26 December 1792: A brilliant defence fails to save Louis XVI from the guillotine

Leading lawyer’s command performance falls on deaf ears


It was half past nine in the morning when Louis XVI’s military escort clattered across the cobblestones of Paris, taking him to his trial at the National Assembly. With revolutionary France under attack and passions running high on the capital’s streets, few people doubted the trial’s eventual verdict.

But Louis was determined to have the best possible defence, and had engaged Raymond de Sèze, reputedly one of the finest lawyers in the country.

For two weeks de Sèze had worked almost without a break. Now, as he rose to address the National Assembly, he looked exhausted: in fact, he had not slept for four days. Still, even Louis’ fiercest critics admitted that his lawyer gave a command performance.

One by one de Sèze went through the prosecution’s charges, ruthlessly dissecting their distortions and evasions.

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Then came a memorable peroration, praising the former king as the “constant friend of the people”. “Citizens,” he concluded, “I cannot finish... I stop myself before history. Think how it will judge your judgment, and that the judgment of him will be judged by the centuries.”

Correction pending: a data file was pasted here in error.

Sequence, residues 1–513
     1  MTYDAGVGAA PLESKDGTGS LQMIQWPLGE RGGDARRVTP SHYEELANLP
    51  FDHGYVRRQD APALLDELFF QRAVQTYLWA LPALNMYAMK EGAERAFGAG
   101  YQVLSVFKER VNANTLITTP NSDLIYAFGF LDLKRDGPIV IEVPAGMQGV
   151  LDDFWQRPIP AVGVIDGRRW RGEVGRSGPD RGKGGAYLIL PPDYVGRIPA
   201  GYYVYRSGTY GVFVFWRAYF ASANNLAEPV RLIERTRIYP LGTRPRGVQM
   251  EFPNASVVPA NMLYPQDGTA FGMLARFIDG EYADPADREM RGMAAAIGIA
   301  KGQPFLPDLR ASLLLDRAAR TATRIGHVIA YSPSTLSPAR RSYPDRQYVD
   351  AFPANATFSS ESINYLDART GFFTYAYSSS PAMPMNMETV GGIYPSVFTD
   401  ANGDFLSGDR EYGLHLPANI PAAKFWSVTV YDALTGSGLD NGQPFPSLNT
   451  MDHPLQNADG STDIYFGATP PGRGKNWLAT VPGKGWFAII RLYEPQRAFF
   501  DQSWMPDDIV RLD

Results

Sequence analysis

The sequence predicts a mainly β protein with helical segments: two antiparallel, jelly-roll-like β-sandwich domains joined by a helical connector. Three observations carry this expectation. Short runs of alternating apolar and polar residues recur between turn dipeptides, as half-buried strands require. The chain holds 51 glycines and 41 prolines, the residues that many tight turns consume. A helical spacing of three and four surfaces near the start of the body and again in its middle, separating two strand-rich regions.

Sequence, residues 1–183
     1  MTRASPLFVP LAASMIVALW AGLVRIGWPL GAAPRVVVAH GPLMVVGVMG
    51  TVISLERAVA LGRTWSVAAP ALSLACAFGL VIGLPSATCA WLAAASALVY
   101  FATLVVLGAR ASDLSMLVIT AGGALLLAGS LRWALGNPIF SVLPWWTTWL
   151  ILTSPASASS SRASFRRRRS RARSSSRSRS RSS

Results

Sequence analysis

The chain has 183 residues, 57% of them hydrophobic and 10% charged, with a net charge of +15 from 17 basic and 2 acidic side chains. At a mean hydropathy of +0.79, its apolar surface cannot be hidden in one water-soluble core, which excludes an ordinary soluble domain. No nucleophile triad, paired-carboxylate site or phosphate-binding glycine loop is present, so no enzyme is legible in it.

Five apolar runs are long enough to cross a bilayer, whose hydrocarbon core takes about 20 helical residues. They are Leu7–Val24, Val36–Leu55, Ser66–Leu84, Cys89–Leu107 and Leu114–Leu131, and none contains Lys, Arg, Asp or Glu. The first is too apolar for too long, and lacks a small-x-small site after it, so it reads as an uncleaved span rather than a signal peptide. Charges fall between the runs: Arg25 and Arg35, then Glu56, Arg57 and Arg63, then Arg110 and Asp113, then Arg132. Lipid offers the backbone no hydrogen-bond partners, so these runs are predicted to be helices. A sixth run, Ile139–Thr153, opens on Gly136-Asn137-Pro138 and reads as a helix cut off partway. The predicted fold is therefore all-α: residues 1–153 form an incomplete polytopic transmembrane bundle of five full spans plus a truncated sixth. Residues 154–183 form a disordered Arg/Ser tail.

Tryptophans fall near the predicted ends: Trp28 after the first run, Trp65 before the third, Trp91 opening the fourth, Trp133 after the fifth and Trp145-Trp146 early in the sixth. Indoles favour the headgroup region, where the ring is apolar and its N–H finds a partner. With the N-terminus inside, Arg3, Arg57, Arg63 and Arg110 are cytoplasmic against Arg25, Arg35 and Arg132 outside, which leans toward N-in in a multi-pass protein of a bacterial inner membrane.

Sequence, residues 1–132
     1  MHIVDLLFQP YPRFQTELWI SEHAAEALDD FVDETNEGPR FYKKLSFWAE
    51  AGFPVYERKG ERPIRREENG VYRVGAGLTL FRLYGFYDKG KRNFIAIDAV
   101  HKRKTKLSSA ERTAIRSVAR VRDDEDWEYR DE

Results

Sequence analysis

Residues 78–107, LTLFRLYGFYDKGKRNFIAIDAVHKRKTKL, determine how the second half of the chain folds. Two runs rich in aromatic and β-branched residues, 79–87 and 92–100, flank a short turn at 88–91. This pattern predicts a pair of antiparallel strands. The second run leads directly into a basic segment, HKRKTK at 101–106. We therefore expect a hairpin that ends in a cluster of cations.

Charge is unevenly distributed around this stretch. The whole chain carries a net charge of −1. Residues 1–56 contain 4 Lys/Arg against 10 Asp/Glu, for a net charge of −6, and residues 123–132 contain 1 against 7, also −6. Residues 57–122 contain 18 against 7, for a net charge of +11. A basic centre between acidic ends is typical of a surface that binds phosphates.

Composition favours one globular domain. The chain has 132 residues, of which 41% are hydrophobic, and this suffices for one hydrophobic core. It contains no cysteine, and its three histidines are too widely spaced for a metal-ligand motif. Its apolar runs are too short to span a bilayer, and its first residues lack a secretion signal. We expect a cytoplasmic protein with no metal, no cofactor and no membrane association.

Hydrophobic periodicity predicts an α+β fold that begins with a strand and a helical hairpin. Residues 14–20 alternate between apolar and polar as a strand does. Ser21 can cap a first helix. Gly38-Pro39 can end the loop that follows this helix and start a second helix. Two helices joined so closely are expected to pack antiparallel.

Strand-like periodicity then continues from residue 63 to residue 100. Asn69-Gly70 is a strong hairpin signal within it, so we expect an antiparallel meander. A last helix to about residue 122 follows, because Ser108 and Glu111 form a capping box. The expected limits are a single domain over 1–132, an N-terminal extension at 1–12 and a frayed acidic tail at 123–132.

Then it was Louis’ turn. Pale and quiet, he was determined to avoid the example of England’s Charles I, whose defiance in 1649 had done him no favours. “You have heard my defence,

I would not repeat the details,” he said softly. “In talking to you perhaps for the last time, I declare that my conscience reproaches me with nothing, and that my defenders have told you the truth.”

Afterwards, on the journey back, the king seemed more anxious for the shattered de Sèze than for himself. A month later, Louis went to the guillotine. | Written by Dominic Sandbrook

26 December 1811

Seventy two lives were lost when Virginia's Richmond Theatre was destroyed by fire during the performance of a pantomime. The victims included George Smith, the governor of Virginia.

26 December 1825: The Decembrists are slaughtered

Nicholas I orders his artillery to open fire on a crowd of rebels